Combustion researchers today design and test new combustor shapes and configurations in an effort to optimize fuel efficiency, reduce noise and curtail pollution. At the heart of these endeavors is the redesign of the combustor inside of a turbofan engine. Heat and pressure play a critical role in the testing process.
Most of this design and testing work is initially done with simulation software. When satisfactory designs are determined, combustion researchers perform live tests of their work to prove that their models are valid. These tests will be required for FAA approval on all of the manufacturers claims and ratings.
Researchers must be able to simulate the conditions of a combustor as it would be found in an operating turbo fan engine. They can’t do these tests by flying a jet so this means artificially creating high temperature and high pressure at a research facility. Combustion research testing requires many megawatts of electric power to generate the heat that simulates what’s going on inside the combustor. These facilities operate on a massive scale and take years to build, which in turn may involve years of collaboration with the client to design the heating system.
Let’s look at the test from end to end. A jet turbo engine has a combustor inside the engine. The front end of the turbo engine (the part with the big fan that we can see) is the entrance for the air that is eventually thrust out the back, providing the energy for the jet. A portion of that air gets sucked into the front end of the compressor and goes into the combustor where they introduce jet fuel and emission source. There is a large expansion of the volume that comes flying out the back end of the combustor, which turns a turbine that drives the whole process. Inside that combustor is where all the magic happens and that is the focus of these tests. Downstream of the turbo engine, researchers gather data on temperature, the amount of fuel combusted and byproducts such as NOx (nitrogen dioxide and nitric oxide) and CO.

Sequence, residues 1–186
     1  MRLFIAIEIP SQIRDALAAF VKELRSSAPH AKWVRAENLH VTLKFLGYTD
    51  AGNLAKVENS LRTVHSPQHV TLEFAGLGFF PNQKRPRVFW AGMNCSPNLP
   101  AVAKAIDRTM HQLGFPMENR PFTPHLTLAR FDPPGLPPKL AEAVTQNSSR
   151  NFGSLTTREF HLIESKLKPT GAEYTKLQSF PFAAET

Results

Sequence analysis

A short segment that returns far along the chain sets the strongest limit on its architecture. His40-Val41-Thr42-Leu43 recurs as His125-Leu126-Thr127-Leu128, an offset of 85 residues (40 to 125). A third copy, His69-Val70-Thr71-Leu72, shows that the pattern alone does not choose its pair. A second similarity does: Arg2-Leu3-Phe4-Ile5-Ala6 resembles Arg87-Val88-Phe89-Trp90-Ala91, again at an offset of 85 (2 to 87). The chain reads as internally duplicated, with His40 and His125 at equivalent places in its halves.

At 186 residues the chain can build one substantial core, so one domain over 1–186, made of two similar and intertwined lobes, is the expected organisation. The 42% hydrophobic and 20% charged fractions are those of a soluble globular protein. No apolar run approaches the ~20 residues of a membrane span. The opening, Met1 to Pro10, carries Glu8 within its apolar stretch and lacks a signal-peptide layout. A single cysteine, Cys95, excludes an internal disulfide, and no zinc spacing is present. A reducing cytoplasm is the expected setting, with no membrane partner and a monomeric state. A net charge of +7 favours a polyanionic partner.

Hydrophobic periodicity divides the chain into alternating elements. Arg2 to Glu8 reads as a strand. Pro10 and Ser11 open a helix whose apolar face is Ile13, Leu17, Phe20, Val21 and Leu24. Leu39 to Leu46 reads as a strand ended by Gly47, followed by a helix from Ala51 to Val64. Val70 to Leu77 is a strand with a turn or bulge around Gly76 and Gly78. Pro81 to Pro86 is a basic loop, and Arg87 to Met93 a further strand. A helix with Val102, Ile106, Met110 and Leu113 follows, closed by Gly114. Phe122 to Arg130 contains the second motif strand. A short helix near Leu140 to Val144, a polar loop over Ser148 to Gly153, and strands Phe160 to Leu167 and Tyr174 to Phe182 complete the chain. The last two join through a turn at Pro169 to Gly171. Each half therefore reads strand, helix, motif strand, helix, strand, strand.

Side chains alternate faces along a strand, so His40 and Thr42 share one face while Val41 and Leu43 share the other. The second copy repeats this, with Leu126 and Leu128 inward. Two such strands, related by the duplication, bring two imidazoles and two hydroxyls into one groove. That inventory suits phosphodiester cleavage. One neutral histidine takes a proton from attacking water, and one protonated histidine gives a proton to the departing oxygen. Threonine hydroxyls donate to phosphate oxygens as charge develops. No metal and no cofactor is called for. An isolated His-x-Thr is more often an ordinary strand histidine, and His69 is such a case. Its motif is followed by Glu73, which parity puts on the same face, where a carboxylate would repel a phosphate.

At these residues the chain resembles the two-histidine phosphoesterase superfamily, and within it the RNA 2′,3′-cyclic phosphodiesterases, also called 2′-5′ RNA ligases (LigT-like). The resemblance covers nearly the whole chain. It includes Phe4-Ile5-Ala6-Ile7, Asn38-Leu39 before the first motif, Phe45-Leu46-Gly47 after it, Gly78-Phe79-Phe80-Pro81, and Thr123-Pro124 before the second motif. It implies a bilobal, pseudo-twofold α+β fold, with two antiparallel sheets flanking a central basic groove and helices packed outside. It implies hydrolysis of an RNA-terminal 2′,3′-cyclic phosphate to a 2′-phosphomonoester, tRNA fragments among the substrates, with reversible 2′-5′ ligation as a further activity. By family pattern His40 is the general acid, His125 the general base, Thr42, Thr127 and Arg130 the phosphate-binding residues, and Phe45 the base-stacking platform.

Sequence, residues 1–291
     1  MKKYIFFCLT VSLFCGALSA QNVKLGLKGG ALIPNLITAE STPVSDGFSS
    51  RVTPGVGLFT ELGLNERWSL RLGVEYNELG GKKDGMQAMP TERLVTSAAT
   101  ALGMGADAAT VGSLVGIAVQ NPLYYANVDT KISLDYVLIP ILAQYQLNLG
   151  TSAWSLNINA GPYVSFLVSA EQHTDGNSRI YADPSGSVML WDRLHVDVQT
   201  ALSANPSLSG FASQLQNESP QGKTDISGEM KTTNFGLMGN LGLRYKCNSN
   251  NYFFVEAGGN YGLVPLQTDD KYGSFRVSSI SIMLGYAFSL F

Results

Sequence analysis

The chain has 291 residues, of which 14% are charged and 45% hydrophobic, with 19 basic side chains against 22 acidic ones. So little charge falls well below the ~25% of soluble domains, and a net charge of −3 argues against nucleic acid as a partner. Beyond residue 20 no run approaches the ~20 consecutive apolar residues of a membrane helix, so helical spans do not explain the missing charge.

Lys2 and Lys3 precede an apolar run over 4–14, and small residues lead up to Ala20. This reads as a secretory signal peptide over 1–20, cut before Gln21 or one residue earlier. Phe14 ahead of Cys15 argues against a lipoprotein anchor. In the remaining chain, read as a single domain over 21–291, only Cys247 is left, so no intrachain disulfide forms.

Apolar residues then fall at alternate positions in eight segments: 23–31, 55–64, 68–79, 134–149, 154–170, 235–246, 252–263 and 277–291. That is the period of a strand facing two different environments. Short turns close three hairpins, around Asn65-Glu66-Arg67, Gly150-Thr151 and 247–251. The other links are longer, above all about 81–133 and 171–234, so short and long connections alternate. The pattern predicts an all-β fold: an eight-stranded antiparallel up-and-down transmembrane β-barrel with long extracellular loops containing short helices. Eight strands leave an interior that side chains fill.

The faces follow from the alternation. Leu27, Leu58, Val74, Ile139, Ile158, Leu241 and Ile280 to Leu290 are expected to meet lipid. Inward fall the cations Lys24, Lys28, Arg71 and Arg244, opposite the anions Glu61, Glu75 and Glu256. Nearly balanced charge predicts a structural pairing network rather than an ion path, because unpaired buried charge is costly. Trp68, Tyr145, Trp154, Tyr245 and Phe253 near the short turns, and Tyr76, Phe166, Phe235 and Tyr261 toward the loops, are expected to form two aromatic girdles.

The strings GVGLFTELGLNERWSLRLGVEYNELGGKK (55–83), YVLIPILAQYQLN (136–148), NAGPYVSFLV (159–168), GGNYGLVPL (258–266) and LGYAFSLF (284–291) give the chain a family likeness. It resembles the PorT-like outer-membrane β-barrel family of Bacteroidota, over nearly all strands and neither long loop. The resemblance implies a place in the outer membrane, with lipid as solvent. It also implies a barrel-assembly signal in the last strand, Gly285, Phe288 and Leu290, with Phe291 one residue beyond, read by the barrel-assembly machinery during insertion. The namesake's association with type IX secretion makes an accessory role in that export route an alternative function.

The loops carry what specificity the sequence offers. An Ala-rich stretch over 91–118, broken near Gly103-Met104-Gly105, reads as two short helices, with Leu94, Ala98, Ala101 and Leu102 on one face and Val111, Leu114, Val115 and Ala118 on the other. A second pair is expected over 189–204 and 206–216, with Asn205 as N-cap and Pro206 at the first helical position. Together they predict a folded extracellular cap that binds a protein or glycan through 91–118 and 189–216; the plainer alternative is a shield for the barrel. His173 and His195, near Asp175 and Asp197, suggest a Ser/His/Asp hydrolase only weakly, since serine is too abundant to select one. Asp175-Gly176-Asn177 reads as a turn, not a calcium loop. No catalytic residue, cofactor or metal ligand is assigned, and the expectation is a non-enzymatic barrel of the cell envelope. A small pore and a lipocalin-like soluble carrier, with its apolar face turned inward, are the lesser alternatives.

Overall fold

Design and testing largely revolvers around hole and nozzle shape, quantity and configuration, fuel particle sizes and higher temperatures and pressures in the combustor. These tests are not done with a real engine. It’s just a piece of the engine. The actual unit being tested is basically a housing that’s holding the combustor shape, which includes the combustor, the combustor nozzles and a way to introduce the fuel. Combustion researchers will constantly adjust and tune the design as they run these tests.
High temperature heaters are critical components in combustor testing. They must be able to ramp quickly, heat a airflow to a very high temperature, withstand high pressures, hold a steady temperature and perform with consistency. Heater Design Engineers are being asked to push the boundaries of what was previously possible. Yesterday’s record-breaking ramp rates are old news in the global quest for greater fuel efficiency and pollution reduction in turbofan engines.
Tutco SureHeat Specialty Flanged Inline Heaters have several strong advantages:
- Serpentine technology for high temperature and high pressure.
- We push the limits. Up to 1922°F (1050°C) is possible in a custom design.
- No idling. No waiting. From cold heater to peak temperature in seconds.
- Extremely fast ramp rates that are controlled.
- Much tighter package than traditional tubular immersion units.
- We work with you from concept to deployment and beyond.
- Our SFI heaters are operational around the globe.
- A strong history of proven success.
- up to 1652°F (900°C) in standard designs
- up to 1922°F (1050°C) in custom designs
- up to 600psi (40 Bar) standard
- greater than 1100psi (75 Bar) custom
- open coil serpentine elements ramp fast
These are research applications requiring very high temperatures, very high pressures and consistency.
Specialty Heaters Quote Request
Tutco SureHeat open coil electric air heaters can produce up to 1652°F (900°C) in standard designs and 1922°F (1050°C) in
Typical electric heaters can withstand up to 600psi (40 bar) standard and greater than 1100 psi (75 Bar) in custom designs.
Pressure Equipment Directive (PED) certification
Special control requirements
On-site startup assistance or training
Sizing & Selection
A simple formula for sizing the heater power (kilowatts) is given by: kW = SCFM x (Delta T)/3000, where SCFM is the mass flow rate in standard cubic feet per minute, and the Delta T is given in degrees Fahrenheit across the heater.
Use our calculator and request a quote.